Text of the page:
2014 Hugo Ballot

Three days ago, I submitted my votes for the 2014 Hugo Awards. If you’ve never voted for the Hugos before, I highly recommend it. For $40, you get:

  • nomination and final voting for the current year’s Hugo Awards
  • nomination for the following year’s Hugo awards
  • e-copies of all of the top five nominees in every category (some of the novel-length items are novella-length excerpts)

The Hugos are supposed to be a democratic representation of what the fans of the genre find compelling and worthy of praise. Say what you will about the state of the genre and how far we still need to go on many issues, but the Hugos are one way of making your voice heard. Don’t complain about what gets accolades if you don’t vote!

I didn’t submit votes for all categories, since I didn’t have time to read through everything. (You will recall, of course, that I was and still am working on finishing a novel draft this summer as well.) I also confess to voting for Best Novel based only on the first 1-2 chapters of each nominee. Here are my top ranked selections for each category that I actually submitted a vote:

  • Best Novel: Ancillary Justice by Ann Leckie (Orbit US / Orbit UK)
  • Best Novella: “Equoid” by Charles Stross (Tor.com, 09-2013)
  • Best Novelette: “The Lady Astronaut of Mars” by Mary Robinette Kowal (maryrobinettekowal.com / Tor.com, 09-2013)
  • Best Short Story: “Selkie Stories Are for Losers” by Sofia Samatar (Strange Horizons, Jan-2013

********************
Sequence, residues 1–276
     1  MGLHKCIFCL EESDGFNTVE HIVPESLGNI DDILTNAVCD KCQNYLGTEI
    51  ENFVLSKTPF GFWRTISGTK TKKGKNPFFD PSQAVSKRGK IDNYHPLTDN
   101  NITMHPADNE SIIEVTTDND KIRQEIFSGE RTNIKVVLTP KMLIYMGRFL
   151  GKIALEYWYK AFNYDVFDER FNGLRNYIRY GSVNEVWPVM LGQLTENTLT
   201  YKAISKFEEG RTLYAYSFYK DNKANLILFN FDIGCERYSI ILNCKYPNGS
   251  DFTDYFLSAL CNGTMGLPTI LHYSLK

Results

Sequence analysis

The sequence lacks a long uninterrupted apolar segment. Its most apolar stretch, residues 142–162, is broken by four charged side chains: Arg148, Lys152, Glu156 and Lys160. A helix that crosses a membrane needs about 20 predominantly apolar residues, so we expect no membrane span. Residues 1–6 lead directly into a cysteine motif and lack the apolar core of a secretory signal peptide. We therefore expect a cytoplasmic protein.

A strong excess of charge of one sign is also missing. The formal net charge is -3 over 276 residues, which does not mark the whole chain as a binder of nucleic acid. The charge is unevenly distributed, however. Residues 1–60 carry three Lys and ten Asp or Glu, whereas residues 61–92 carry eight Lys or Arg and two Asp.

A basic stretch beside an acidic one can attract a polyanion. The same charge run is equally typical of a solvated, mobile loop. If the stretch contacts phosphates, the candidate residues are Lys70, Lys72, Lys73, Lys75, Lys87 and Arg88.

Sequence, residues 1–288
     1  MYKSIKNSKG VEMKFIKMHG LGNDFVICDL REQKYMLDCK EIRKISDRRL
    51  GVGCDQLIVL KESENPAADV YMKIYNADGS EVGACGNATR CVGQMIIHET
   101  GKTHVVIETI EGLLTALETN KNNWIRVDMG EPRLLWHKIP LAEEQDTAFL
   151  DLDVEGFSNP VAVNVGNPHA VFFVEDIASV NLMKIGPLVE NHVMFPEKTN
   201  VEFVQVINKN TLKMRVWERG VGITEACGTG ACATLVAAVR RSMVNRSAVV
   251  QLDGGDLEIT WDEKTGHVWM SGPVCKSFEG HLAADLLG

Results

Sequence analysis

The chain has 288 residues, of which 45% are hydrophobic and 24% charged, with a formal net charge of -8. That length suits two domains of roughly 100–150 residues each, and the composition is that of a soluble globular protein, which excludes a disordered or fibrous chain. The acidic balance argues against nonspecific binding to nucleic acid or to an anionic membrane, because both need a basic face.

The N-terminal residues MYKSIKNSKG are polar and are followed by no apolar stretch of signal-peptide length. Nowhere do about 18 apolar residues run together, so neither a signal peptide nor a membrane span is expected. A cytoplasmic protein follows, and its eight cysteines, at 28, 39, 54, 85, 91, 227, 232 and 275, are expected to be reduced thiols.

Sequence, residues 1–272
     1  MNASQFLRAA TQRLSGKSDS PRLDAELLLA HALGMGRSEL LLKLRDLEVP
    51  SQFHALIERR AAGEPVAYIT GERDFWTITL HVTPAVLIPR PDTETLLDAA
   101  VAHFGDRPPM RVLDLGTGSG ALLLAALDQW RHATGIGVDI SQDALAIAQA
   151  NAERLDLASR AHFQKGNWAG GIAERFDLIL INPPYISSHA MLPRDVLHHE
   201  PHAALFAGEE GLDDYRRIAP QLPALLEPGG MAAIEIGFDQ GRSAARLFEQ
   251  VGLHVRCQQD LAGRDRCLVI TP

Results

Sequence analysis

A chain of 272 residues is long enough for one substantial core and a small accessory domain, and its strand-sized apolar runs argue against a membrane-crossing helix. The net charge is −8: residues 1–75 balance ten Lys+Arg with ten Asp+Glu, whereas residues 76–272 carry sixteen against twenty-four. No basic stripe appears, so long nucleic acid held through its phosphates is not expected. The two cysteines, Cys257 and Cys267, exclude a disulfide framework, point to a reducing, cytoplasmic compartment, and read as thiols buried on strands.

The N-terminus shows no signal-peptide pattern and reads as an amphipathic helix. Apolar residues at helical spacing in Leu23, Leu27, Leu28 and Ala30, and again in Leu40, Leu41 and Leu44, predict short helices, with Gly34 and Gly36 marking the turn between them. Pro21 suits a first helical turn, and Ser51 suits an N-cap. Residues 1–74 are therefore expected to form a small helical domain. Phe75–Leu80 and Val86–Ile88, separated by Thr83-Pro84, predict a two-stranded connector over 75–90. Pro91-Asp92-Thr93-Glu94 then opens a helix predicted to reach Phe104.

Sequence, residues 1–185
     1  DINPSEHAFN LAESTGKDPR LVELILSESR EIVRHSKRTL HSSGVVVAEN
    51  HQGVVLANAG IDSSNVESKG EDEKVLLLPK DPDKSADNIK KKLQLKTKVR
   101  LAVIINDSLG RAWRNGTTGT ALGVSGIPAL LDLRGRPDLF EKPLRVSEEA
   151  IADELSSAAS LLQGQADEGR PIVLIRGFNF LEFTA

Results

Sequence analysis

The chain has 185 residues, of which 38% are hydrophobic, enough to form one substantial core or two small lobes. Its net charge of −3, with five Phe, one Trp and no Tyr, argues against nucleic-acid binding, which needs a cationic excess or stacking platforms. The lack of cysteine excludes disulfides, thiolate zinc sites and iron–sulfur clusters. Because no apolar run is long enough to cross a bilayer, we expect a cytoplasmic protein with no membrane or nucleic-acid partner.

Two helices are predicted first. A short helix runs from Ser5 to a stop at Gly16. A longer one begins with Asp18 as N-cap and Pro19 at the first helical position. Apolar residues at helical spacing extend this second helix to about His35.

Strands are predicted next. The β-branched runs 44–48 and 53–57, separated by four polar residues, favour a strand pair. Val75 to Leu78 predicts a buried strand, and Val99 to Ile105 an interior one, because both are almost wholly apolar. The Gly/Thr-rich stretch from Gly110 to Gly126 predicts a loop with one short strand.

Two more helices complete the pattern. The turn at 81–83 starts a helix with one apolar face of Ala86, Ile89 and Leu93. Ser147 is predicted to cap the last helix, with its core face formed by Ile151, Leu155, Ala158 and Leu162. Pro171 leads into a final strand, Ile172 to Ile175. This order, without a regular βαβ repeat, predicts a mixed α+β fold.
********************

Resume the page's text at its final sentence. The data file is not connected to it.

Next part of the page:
I think the category in which I was most conflicted about my final vote was Best Novelette. Aliette de Bodard’s “The Waiting Stars” as well as Ted Chiang’s “The Truth of Fact, The Truth of Feeling” were both lovely stories as well. I liked all three for different reasons. Kowal’s won out in the end I think because all else held equal, I think I’d rather promote a story about humanity looking outward into space again than anything else.

First Publication: “The Parched Lands” Appears in CG

My first professional publication emerged earlier this month in Crossed Genres Magazine, Issue 7. The Parched Lands delves into the tangled issues of race, tracking, high-stakes testing, and creativity starvation that run through America’s public school systems.

When the bell rang at the end of class, Amanthi was crashing from a dopamine high. She raised her slight, brown hand as her thin body shook, and when her arm brushed against her long, black hair she felt the slick dampness of sweat.

Mr. Daveys was moving around the classroom helping students disconnect from their desks, congratulating or reprimanding as appropriate based on measured performance for the day.

Amanthi could feel that something was wrong, but found herself unable to articulate any words though the shaking of her body. Kassidi, sitting next to her, looked over and noticed her wan trembling, and spoke up.

“Mr. Daveys” Kassidi said sharply. “Something’s wrong with Amanthi!” The teacher glanced up from his IV work and in a moment rushed over, fussing over Amanthi and checking her forehead. He held up a datapad and allowed its cameras to analyze her. The red eye of the infrared and the black eye of the optical glass stared at Amanthi, and she suddenly felt weak and ill.

Find out more at CG…